The public research University in Boston, UMASS Lowell, recently joined forces with the University of Illinois and the China Agricultural University to develop a new way to transform wet biological waste into diesel fuel.
We produce millions of tons of wet biowaste every year. Urbanization, industrialization and population growth continues to push the levels of such waste higher and higher. According to UMASS, through a process called hydrothermal liquefaction or HTL, the research team was able to convert solid biowaste like animal manure, food scraps, and algae into liquid fuel that could be blended with regular diesel, using heat and water.
The researchers have reported that the fuel blend performs similar to regular diesel in terms of carbon emissions and combustion efficiency. Tests continue to see how the HTL blend impacts other characteristics of combustion; however, the experts are excited about their efforts to date, especially in light of the fact that The World Bank predicts global urban waste will increase 70 percent by 2025. The team believes that finding ways to reuse biowaste is crucial if we want to create a sustainable future.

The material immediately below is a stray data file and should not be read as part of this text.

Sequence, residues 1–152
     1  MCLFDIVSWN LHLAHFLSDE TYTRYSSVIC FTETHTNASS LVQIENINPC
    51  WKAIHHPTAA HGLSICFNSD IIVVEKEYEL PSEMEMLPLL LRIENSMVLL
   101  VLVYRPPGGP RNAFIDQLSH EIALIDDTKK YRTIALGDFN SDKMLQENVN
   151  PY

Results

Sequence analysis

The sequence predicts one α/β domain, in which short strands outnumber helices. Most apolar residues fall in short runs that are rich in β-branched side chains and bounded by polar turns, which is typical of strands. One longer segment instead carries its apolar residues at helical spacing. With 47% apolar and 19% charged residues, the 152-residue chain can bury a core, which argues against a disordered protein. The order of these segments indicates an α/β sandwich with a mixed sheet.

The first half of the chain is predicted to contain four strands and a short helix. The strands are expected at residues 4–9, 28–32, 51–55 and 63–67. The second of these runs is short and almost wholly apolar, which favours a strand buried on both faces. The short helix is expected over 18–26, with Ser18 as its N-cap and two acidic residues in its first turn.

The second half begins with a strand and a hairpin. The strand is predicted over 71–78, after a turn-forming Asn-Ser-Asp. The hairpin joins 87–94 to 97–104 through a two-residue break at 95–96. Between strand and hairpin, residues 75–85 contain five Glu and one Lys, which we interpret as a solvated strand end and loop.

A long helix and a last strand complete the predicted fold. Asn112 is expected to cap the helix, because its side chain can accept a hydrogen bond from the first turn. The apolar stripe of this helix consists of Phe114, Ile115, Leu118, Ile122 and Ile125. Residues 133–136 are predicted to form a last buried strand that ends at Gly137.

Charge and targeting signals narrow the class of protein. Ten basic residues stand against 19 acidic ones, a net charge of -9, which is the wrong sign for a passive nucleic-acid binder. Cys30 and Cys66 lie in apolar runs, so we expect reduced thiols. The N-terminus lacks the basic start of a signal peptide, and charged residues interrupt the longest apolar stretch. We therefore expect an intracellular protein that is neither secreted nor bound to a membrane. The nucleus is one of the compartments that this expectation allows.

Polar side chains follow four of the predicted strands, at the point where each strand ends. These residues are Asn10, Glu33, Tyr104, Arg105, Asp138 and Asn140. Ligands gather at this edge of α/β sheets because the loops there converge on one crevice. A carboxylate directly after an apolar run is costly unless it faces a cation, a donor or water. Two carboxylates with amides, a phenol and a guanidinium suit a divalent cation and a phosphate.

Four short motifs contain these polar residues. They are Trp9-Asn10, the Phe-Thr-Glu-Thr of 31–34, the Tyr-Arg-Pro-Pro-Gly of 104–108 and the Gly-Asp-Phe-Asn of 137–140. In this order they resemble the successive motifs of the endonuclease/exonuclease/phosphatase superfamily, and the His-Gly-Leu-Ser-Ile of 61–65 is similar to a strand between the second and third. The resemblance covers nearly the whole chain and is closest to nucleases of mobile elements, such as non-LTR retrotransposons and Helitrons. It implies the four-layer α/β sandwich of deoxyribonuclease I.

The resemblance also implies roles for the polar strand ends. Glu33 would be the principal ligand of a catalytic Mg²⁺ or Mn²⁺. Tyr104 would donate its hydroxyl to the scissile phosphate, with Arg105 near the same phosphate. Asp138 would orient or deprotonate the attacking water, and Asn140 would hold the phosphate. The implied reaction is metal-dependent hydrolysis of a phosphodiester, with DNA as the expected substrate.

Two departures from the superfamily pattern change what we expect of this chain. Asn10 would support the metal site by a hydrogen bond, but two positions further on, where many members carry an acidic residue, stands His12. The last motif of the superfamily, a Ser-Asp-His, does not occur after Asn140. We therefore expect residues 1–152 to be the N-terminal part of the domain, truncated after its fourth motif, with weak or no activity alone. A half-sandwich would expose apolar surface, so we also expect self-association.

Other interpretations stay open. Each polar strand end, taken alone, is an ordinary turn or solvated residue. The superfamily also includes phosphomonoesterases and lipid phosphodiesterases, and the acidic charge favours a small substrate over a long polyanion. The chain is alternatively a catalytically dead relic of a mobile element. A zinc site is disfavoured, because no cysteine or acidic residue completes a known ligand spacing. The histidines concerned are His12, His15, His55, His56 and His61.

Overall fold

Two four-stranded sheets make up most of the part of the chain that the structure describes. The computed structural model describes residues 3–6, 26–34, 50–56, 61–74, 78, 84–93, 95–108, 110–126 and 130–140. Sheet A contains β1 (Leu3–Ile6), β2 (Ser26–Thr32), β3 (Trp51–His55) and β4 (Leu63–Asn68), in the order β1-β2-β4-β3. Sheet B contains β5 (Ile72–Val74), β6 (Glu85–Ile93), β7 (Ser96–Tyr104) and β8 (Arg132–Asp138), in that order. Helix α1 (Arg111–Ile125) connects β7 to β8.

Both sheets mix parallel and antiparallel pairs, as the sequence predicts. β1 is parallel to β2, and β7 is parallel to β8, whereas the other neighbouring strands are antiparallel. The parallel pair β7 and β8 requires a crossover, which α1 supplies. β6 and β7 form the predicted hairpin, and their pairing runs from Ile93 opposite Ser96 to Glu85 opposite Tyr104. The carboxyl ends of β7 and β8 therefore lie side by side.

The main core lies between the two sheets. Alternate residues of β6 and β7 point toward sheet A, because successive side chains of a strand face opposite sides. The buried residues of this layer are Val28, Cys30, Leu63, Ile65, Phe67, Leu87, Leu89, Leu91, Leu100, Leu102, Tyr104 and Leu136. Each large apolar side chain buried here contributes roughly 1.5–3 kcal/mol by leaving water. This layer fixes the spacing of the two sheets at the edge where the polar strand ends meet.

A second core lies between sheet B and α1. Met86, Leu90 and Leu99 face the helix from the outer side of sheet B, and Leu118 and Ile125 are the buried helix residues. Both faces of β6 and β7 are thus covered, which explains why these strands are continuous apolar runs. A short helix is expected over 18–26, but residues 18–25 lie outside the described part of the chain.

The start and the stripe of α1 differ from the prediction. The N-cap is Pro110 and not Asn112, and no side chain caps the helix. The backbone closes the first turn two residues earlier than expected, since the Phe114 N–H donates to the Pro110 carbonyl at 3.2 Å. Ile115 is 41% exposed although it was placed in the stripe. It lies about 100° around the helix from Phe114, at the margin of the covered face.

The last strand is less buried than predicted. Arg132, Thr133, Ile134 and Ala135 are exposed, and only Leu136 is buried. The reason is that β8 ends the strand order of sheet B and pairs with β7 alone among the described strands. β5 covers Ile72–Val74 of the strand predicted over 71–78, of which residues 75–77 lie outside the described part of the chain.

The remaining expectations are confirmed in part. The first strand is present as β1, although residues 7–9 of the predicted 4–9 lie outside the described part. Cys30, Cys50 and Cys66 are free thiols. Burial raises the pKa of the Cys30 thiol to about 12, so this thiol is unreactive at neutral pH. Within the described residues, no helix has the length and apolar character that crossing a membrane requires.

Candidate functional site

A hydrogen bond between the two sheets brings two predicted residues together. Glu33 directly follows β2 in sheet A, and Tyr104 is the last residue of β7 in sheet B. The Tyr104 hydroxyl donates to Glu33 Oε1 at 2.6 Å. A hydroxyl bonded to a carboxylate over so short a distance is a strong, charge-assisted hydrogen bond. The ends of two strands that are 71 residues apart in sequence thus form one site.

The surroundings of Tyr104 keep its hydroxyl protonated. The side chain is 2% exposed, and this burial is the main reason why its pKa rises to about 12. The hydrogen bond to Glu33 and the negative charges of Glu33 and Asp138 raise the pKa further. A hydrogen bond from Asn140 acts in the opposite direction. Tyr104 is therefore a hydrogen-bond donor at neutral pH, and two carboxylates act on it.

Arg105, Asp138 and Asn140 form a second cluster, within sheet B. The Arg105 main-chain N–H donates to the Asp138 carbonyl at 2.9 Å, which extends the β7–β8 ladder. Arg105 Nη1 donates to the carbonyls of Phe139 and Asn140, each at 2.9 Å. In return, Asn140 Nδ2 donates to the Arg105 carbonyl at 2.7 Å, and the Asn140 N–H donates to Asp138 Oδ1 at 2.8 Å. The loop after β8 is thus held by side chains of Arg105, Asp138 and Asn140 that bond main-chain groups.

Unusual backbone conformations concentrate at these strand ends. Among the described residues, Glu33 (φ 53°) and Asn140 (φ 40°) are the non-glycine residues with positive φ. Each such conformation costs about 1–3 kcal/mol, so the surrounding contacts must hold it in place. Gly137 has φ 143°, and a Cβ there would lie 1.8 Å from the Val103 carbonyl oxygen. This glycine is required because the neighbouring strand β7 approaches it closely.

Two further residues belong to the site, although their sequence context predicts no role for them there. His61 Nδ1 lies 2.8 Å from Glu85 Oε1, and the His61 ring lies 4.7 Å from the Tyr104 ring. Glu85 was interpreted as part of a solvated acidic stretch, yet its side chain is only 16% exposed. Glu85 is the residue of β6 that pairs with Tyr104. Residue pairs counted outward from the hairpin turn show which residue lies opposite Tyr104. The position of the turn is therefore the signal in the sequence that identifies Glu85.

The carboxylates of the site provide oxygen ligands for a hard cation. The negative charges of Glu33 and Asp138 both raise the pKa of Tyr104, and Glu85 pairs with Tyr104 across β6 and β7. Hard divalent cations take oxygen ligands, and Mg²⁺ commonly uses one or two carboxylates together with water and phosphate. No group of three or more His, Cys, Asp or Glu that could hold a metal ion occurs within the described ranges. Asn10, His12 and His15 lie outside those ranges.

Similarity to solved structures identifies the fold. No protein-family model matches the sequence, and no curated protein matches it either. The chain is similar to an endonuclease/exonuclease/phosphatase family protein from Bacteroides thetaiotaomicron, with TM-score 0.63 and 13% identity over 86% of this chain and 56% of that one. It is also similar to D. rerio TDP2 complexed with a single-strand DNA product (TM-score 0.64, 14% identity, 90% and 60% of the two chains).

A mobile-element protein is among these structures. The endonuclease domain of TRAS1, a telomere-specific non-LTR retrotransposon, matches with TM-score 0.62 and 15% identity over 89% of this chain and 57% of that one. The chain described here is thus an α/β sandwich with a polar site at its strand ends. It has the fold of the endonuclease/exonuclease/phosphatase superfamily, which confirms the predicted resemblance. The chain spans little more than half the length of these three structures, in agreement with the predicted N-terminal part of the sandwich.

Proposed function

This fuel from biowaste development didn’t happen overnight. The team’s initial findings were published in the journal Nature Sustainability back in November of 2018 but the final results were just made public recently.
The end goal for UMASS and the rest of the team is to patent the technology so that one day it can be applied on a commercial scale.